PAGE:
Emotional binge eating: when we raid the fridge to relieve psychological discomfort

the german term Kummerspeck It is one of those words, like the Spanish sobremesa and embarrassment of others, that are difficult to translate into other languages. Comes from kummersorrow, sadness, and speck, bacon or pancetta. That is, it would mean something like pancetta and it is currently used by some psychologists to define emotional binge eating, so frequent today.

What exactly do we mean? We can all identify with those situations in which stress, anxiety or accumulated workload influence, almost always negatively, our diet. When a bad day ends with an indiscriminate attack on the fridge. And not to stuff ourselves with fruit or vegetables, precisely.

We could talk about emotional eating, then, as the process in which our state of mind generates eating behaviors that can harm our health.

In search of immediate rewards

This is because our brain seeks an immediate reward for emotional deficits. Foods such as those that contain high amounts of sugar, sodium or fat, or flavor enhancers such as monosodium glutamate are capable of sending almost immediate messages of satisfaction to our minds. These compounds also increase the sensation of appetite.

The causes that cause emotional hunger they are very varied. Knowing the source of the problem is the best way to start solving it. Here are some situations that can trigger it:

  • Personal conflicts, arguments with loved ones and family or couple problems. These circumstances can generate a significant emotional void that is attempted to be filled through emotional feeding.

  • Stress, situations in which work or obligations cause a depletion of mental resources. Especially chronic stress, which lasts and generates intense emotional exhaustion, to the point of causing burnout syndrome.

  • Boredom, which makes us think about things and overthink. Multiple studies relate the demotivation that arises from boredom with the need to seek stimuli. Food intake can generate the neurotransmitter dopamine, which compensates for that feeling of emptiness.

  • Anxiety and other mental illnesses such as depression are closely linked to emotional overeating. They try to fill the void they generate with the immediate satisfaction of food. On many occasions it becomes a vicious circle, because after the binge comes remorse and discomfort.

This rising behavior contributes to aggravate a global health problem. According to the World Health Organization, obesity has tripled since 1975. In 2016, 39% of adults were overweight, a figure that continues to rise and is often at the origin of so-called chronic non-communicable diseases: vascular disorders, cancers associated with a sedentary lifestyle, respiratory diseases and diabetes.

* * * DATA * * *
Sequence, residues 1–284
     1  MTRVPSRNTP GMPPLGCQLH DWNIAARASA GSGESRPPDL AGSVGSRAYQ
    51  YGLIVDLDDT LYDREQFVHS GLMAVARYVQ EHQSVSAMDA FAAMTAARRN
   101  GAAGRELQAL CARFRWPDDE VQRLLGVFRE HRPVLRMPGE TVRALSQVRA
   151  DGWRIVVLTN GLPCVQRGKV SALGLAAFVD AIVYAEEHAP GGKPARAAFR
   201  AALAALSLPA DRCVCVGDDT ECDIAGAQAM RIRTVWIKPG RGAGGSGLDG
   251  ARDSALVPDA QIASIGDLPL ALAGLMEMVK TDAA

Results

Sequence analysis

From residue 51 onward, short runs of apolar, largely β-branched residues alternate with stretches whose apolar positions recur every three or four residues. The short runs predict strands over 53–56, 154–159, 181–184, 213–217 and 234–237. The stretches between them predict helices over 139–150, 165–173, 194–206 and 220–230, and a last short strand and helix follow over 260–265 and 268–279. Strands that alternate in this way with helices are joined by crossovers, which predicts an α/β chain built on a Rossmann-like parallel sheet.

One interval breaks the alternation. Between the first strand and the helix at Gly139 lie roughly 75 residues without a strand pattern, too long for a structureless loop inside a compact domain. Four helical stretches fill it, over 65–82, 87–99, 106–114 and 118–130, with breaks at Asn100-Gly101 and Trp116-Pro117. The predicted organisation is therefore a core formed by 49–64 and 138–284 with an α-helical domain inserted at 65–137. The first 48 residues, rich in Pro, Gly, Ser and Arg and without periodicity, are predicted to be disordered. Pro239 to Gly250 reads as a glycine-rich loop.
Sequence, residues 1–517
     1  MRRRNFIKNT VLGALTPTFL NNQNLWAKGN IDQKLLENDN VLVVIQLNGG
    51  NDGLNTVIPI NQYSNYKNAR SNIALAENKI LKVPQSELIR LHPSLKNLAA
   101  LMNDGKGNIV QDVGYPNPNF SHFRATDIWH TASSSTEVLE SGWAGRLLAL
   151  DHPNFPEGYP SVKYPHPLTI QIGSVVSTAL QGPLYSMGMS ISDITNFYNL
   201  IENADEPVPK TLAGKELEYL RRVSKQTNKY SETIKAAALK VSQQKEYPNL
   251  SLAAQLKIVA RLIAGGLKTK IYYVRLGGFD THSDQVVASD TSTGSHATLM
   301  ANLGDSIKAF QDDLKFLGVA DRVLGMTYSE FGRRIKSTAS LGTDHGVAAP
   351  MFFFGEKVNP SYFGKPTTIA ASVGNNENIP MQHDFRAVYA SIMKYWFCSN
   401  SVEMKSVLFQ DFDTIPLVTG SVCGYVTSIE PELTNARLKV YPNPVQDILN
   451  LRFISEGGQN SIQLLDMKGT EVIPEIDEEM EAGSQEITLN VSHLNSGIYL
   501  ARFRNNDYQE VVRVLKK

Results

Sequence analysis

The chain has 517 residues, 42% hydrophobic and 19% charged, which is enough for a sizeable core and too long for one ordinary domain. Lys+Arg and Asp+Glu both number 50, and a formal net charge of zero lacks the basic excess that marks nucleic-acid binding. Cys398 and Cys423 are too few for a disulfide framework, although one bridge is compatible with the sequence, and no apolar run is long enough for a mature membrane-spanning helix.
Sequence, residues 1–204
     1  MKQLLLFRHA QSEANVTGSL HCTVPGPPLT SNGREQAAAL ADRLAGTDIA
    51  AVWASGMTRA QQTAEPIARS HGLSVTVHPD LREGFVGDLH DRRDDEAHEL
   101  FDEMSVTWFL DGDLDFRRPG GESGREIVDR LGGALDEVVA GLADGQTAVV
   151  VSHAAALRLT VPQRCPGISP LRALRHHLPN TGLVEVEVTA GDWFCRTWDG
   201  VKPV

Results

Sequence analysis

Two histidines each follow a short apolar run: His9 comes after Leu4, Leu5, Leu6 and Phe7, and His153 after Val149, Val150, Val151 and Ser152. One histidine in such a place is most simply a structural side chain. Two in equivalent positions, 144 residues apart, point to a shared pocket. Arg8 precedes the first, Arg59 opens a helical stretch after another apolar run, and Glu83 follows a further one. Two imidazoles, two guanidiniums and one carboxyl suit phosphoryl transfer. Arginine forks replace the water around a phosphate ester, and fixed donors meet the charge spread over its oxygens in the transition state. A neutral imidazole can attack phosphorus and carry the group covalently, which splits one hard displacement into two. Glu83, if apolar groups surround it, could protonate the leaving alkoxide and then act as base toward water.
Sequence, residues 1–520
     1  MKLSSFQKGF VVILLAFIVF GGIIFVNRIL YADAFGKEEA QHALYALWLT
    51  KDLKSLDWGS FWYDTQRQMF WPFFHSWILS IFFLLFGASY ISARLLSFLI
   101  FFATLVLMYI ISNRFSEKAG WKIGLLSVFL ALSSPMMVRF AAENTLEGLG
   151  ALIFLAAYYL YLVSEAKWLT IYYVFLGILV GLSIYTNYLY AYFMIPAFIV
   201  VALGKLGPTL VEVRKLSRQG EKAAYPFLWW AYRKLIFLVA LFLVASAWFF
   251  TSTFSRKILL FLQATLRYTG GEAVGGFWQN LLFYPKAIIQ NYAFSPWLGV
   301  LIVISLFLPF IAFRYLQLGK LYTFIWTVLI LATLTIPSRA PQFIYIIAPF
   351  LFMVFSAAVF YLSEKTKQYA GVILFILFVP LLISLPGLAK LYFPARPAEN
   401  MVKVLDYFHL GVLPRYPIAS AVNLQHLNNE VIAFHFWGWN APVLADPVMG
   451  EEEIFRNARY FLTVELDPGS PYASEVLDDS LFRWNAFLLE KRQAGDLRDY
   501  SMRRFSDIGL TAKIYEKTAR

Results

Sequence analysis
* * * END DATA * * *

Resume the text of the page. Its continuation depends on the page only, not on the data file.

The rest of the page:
First step: identify the problem

And how can we avoid this type of behavior? The first step is to recognize what are the causes and reasons that lead us to emotional binge. Being able to distinguish what type of hunger we are suffering from can be a good way to start:

  • Emotional hunger appears suddenly and forces us to give it an urgent solution. In addition, it is selective: it demands specific types of food. And normally, as we have seen, unhealthy. This type of appetite does not generate a feeling of satiety, that is, we continue eating even if we no longer need food. Finally, it leaves us with a feeling of discomfort, of guilt, always a negative feeling.

  • Physiological hunger is gradual, it gradually grows and can wait. It does not demand urgency to satisfy it. It caters to a much wider range of foods, it’s not quite as “finicky”. At the moment in which the needs are covered, we stop eating. The final feeling is satisfaction, without feelings of guilt.

distraction maneuvers

In addition to recognizing the situation we are experiencing, we can look for alternatives to these behaviors:

  • Practice exercise: physical activity decreases ghrelin levels and increases leptin concentrations, hormones directly related to appetite.

  • Regular rest can help us control our emotions and decrease emotional appetite.

  • We must acquire proper eating habits. Our brain takes more than 20 minutes to perceive that our stomach is full. Eating slowly helps us to be aware of what we are putting in our mouths and to feel satisfied sooner.

  • Finally, going to a professional can help us regulate our anxiety and stress. It can be a guide to recognize what our needs are, since we ourselves are sometimes not aware of the problem.

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